Friday, January 2, 2015

Remeber that thing I said?

About the playoffs not really working and still leading to too much contention?

This bowl season has already highlighted the problem with the new format (it's exactly just deferred it one step further): TCU's dominant win from the #6 spot (but not in the playoff) combined with FSU's faceplant (and the reluctance of voters all year to recognize them as the top team) should lead to questions about who should have been in the playoffs.

The inherent issue with a playoff system is that once teams are in, nothing else matters but winning going forwards. If we accept the premise that "every game counts" in college (which I'm willing to work with), then a short playoff completely counteracts it. Sure it matters that a team makes it in, but it allows a team that shouldn't really be in the "best team" conversation to get hot at just the right time.

Mixing subjective cutoffs with a short-list for the playoff doesn't work exactly because sometimes the 3rd or 4th best team shouldn't even be in the conversation, and other times it's murky beyond 4. For example, imagine if USC-Texas had been subjected to a playoff. Even if both teams emerge as winners of their semifinal game, there's a risk of injury, etc, for what amounts to a formality. And, if either of those teams had lost, few people would accept the other team as a legit candidate.

This year was murky beyond the 4. FSU was the only winless team but they kept wining in dramatic fashion. Some weren't even sure they belonged in the playoff. In retrospect, the highly competitive game between Ohio State and Alabama, mixed with the blowout of FSU by Oregon validates this thinking. And this is exactly the problem: the 3rd-6th spots often have murkiness in them (consider how to order the top teams from the BCS conferences, even) and by imposing a playoff on a subset we create an artificial barrier.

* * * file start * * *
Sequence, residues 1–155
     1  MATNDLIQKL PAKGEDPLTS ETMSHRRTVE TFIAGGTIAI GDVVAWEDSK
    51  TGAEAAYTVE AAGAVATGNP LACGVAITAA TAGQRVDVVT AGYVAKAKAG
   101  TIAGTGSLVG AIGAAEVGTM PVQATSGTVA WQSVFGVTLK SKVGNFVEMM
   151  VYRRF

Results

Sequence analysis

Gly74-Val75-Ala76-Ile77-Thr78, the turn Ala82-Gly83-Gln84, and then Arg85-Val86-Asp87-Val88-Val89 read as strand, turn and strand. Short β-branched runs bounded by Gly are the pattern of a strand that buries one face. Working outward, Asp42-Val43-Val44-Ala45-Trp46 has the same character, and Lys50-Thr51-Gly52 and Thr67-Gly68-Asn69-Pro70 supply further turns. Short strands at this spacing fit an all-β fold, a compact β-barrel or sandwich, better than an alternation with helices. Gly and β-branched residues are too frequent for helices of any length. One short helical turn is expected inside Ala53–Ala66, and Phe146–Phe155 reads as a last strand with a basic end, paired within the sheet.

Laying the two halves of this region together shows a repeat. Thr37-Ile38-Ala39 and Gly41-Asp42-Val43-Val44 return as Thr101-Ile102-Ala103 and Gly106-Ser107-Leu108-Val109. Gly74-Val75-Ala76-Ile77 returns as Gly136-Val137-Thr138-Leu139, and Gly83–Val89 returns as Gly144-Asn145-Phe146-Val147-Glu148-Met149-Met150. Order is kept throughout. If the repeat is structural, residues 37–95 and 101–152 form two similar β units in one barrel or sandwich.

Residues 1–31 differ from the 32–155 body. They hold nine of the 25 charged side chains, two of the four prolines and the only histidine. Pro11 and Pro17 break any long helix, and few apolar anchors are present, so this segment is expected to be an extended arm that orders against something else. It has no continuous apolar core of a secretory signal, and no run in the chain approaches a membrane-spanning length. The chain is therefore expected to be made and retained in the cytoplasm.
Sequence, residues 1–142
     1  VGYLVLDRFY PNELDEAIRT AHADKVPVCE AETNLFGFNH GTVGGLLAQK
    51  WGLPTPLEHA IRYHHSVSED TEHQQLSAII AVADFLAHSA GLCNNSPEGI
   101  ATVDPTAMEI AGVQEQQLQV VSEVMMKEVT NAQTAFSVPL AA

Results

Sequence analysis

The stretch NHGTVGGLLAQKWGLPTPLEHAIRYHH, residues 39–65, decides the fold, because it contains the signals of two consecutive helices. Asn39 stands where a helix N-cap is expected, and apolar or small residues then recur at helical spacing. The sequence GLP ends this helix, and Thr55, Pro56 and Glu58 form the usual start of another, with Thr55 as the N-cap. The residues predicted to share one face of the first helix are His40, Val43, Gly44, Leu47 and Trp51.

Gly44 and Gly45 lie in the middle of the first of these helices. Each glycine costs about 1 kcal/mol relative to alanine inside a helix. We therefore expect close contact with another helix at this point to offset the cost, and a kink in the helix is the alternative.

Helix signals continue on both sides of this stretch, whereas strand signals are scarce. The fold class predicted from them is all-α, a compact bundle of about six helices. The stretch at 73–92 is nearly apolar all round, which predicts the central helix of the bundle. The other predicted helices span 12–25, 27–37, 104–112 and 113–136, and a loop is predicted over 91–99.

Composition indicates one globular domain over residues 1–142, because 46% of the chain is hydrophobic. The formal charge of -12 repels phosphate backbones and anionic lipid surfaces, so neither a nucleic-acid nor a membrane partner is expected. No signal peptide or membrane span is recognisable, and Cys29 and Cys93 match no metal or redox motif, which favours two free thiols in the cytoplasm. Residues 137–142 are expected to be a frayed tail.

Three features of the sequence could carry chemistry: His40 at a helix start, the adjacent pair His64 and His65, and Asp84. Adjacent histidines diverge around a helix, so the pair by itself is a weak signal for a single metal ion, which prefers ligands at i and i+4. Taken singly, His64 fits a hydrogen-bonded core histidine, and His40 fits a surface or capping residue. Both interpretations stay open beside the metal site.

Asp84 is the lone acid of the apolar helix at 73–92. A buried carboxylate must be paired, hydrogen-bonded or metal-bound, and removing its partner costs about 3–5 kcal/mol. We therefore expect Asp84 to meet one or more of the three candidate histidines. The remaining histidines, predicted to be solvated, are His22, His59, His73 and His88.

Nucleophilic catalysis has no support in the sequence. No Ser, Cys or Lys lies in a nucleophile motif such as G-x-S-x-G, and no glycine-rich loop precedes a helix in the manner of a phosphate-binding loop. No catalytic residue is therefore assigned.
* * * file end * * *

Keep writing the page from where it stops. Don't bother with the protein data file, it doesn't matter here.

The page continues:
Since a 64-team playoff (where any reasonable contender is included) is not an option, let's embrace the murkiness in stages: play the BCS bowls, then vote on the top 2 teams to play in the championship. The top teams would be playing each other. We'd probably conclude that Oregon-Ohio State is the right pair this way as well, but it opens the door for a team like TCU to prove themselves against top-flight competition. Or, keep the bowl-conference affiliations. Suppose we'd have had:

#1 Alabama vs #5 Baylor in the Sugar Bowl
#2 Oregon vs #4 Ohio State in the Rose Bowl
#3 Florida State vs #6 TCU in the Orange Bowl
#7 Mississippi State vs #11 Kansas State in the Peach Bowl
#8 Michigan State vs #12 Georgia Tech in the Cotton Bowl
#9 Ole Miss vs #10 Arizona in the Fiesta Bowl

We can debate all we want how these games would have turned out, of course. Realistically, the Peach, Cotton and Fiesta Bowl will not show us anything about the national title conversation. Ideally TCU would be placed into the not-quite-aligned Orange Bowl and the winners from those 3 bowls end up in the national title game conversation. Style points still matter and everyone with any reasonable claim to the game is still alive. It's a game of murkiness, but a game we should embrace.

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